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CALIFORNIA CORPORATE & SECURITIES LAW

Why Is There No Withhold Box?

The Securities and Exchange Commission has long required that a form of proxy relating to matters other than election to office provide a means to specify by boxes a choice between approval or disapproval of, or abstention with respect to, each separate matter to be voted on at the meeting.  Rule 14a-4(b)(1).  More recently, the SEC in its final Say-on-Pay rules has required that a form of proxy include an abstention option with respect to the advisory vote on the frequency of advisory votes on executive compensation.  Rule 14a-4(b)(3).  Notably, the SEC does not require that a proxy offer shareholders the option to withhold authority to vote on these matters.[1]

Is this a mere technical oversight or could the inclusion of a “withhold” option make a difference?  The answer would seem to depend on the voting rule being applied to the particular question and how the courts will view a withhold instruction.

If the voting rule for stockholder action is approval by a majority of the outstanding shares entitled to vote (See, e.g., Cal. Corp. Code § 152 and DGCL § 242(b)), then the failure to vote affirmatively, whether by reason of abstention or withholding of proxy authority, will have the effect of a “NO” vote.

If the voting rule requires the affirmative vote of a majority of the shares present and entitled to vote on the subject matter (See, e.g., DGCL § 216), then an abstention will also have the effect of a “NO” vote.  Why is this so?  When a shareholder attends a meeting and abstains (i.e., doesn’t vote either for or against), the shareholder is considered present (she’s at the meeting) and entitled to vote (she could vote, but has chosen not to do so).  Because a proxy holder is the agent of the shareholder, the proxy holder is acting on behalf of her principal at the meeting.  Thus, when a shareholder directs her proxy to abstain, the result should be the same as if the shareholder had attended the meeting and abstained.  See Licht v. Storage Technology Corp. (C.A. 524-N, May 6, 2005, revised May 13, 2005).

Is the situation any different if a shareholder withholds authority from a proxy holder to vote on a particular matter?  Conceptually, its seems that there could be a difference.   Indeed, the Delaware Supreme Court in Berlin v. Emerald Partners, 552 A.2d 482 (1988) held that shares are not “voting power present” when the proxy holder has been given a “limited proxy” that does not empower the proxy holder to vote on a particular matter.  552 A.2d at 493.   However, that case involved broker non-votes (i.e., shares held in street name with respect to which brokers do not have discretion to vote in the absence of instructions from the beneficial owners).   The Delaware Supreme Court considered these to be “limited” proxies and held that shares are not “voting power present” if the proxy holder has been granted a “limited” proxy that “does not empower” the proxy holder to vote on a particular matter.  Thus, broker non-votes do not count as votes against when the voting rule is a majority of those present and entitled to vote.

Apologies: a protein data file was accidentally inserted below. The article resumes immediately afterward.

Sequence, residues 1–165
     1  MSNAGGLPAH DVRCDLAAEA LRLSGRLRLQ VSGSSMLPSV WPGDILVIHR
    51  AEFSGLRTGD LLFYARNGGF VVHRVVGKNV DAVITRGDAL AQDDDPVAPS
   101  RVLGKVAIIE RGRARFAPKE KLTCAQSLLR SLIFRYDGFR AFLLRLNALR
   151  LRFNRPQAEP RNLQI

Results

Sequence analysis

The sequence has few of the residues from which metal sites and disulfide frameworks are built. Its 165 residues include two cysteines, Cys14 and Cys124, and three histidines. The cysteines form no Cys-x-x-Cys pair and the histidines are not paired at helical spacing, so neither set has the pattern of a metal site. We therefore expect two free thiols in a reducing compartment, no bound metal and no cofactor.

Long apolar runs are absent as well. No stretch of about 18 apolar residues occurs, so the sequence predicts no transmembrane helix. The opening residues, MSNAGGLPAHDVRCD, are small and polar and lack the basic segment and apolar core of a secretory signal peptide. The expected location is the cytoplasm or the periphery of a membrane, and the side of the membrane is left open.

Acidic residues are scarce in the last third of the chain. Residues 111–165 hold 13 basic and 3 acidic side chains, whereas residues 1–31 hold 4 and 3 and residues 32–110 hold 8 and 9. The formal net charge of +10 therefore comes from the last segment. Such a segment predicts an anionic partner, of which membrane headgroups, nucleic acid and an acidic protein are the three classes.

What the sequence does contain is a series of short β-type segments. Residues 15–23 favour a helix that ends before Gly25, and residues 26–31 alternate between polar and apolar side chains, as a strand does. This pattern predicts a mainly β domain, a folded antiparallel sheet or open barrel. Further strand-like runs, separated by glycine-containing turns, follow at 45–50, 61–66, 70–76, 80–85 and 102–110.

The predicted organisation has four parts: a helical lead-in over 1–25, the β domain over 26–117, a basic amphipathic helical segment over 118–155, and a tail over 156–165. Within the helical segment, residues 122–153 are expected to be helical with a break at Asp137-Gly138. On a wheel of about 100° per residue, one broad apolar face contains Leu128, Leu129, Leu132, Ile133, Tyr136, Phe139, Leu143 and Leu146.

Providing shareholders with a means to withhold authority from their proxies would create an additional option for shareholders when the applicable voting rule is a majority of the shares present and entitled to vote.  (This assumes that a court would treat the withhold option as a limited proxy as in Berlin). Presently, a shareholder of record who is indifferent to a proposal has no means to express her indifference.  As discussed above, checking the abstain box is not a neutral choice – it has the same effect as voting against the proposal.  Ironically, a shareholder who holds through a broker has a neutral option with respect to non-discretionary proposals because she can simply fail to provide instructions to the broker.  It seems that it is time to reevaluate the proxy and put all shareholders on an equal footing.

Arguably, a proxy card that allows a shareholder to instruct her proxy to vote for, against, abstain or to withhold authority to vote on a matter is distinguishable from the proxy card at issue in the North Fork Bancorp. case.  In that case, Vice Chancellor Lamb found that proxy cards that offered only the choices of “for” and “withhold” with respect to the election of directors (under a majority, rather than plurality, rule) were not limited proxies as described in Berlin.  The withhold option on a proxy card that, unlike the card at issue in North Fork Bancorp., offers the full panoply of choices should logically be viewed as withholding all authority to vote on that matter.


[1] The SEC had originally proposed to require that a form of proxy with respect to election of directors include an “against” box.  However, this was thought to be misleading in the case of corporations with a plurality vote standard.  The SEC adopted the “withhold” concept as a mechanism for shareholders to express dissent beyond a mere abstention.  See North Fork Bancorp., Inc. v. Toal, 825 A. 2d 860 (Del: Ch. 2000).

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